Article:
Pramuka Island

This is the home base for your island’s tour, an island inhabited with approximately 200 families; Pramuka Island is the centre of Thousand Island’s administrative office and also the centre of the Thousand Islands Marine National Park.

There are two ways to reach Pramuka Island, one route is from the Muara Angke port (Jakartans know this place as a fish market) and the other one is from Marina, Ancol. It is preferable to depart from Marina, Ancol, because they use boats with more comfortable seating and more importantly, there is a greater sense of safety using their boats. To and from Pramuka Island from Ancol Marina, you will use port number 21. First, buy your ticket at the Marina locket (port 22) which will cost you Rp35,000 (about US$3.50) per person. The boat leaves daily from marina at 8am, and from Pramuka Island at 1pm.

Usually there is a semi-cruise ship called “Lumba-Lumba” (dolphin) that will take you from Marina to the Pramuka Island but while I was there, it was broken. I was told that if we use the “Lumba-Lumba” the journey takes about two and a half hours and you can enjoy the lovely scenery from the upper level. Slow but sure. Because of the broken “Lumba-Lumba”, I had to use the Kerapu. This is a speeding bullet! The “Lumba-Lumba’s” lumbering two and half hours is incomparable to the Kerapu’s record of only one hour. The Kerapu can accommodate up to 28 people, with two seats in each row. I strongly suggest sitting at the middle or back rows to prevent seasickness. Also, since the machine’s roar can give you headache and it is hopeless to have a conversation with your friends, spend the one hour journey resting your eyes and imagining all the excitement waiting for you just minutes away. After a fifteen minutes ride, take a peek outside at some of the front islands such as Ayer and Bidadari. The sight of these islands along with traditional fishermen boats swaying peacefully to the groove of ocean’s melody will surely be a scene to remember.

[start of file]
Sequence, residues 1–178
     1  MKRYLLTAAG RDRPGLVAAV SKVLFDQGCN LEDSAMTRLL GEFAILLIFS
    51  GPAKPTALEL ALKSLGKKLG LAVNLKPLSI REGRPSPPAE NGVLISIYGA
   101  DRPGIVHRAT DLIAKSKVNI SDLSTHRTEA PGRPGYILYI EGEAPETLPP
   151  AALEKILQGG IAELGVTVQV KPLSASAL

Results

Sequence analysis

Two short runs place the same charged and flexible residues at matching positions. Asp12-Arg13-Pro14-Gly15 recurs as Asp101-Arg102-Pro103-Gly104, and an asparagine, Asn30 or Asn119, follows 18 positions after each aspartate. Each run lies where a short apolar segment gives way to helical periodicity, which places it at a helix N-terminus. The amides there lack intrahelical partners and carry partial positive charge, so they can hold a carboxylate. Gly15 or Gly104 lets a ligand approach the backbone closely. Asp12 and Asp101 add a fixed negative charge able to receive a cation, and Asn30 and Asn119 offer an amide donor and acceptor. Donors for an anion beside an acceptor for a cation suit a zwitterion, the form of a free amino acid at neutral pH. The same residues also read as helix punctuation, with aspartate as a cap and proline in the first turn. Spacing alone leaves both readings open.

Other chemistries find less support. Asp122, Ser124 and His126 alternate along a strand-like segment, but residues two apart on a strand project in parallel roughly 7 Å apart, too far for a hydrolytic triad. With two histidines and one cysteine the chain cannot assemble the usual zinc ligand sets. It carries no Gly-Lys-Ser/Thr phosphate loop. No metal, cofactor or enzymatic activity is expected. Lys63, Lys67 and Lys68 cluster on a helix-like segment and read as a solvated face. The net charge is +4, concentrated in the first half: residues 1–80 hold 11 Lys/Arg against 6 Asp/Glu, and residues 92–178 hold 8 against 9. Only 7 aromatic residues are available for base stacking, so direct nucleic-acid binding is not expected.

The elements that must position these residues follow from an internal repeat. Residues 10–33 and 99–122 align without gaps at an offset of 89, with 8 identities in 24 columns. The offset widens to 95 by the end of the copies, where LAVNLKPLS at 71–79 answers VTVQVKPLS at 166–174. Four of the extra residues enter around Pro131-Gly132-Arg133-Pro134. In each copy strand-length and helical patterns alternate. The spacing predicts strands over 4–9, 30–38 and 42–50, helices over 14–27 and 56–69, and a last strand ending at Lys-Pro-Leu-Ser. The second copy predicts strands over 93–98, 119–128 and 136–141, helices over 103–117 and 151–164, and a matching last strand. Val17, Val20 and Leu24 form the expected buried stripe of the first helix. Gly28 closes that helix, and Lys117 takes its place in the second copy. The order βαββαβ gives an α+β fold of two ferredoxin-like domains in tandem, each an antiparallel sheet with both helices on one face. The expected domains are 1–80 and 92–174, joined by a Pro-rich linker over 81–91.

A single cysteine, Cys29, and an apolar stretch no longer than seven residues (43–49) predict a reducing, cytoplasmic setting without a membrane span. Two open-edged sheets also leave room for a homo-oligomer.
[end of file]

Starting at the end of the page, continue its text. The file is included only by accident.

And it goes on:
Upon arrival, I am certain you will not believe you are still in an area allied with Jakarta, the big metropolis. The inhabitants who call themselves the ‘Orang Pulau’ (Island’s people) don’t seem to be affected by the hustle and bustle of Jakarta in the least! They live calmly mostly as fishermen, governmental officers, and produce decorative coral reefs in environmentally-friendly ways for export commodities, mostly to Europe and Japan. Arriving at the port, you will be greeted by the locals with a smile. You will also see kids playing football and others just casually cycling around the area. The dock is quite large and can accommodate more than ten fishermen’s boats in which to rest their anchors.

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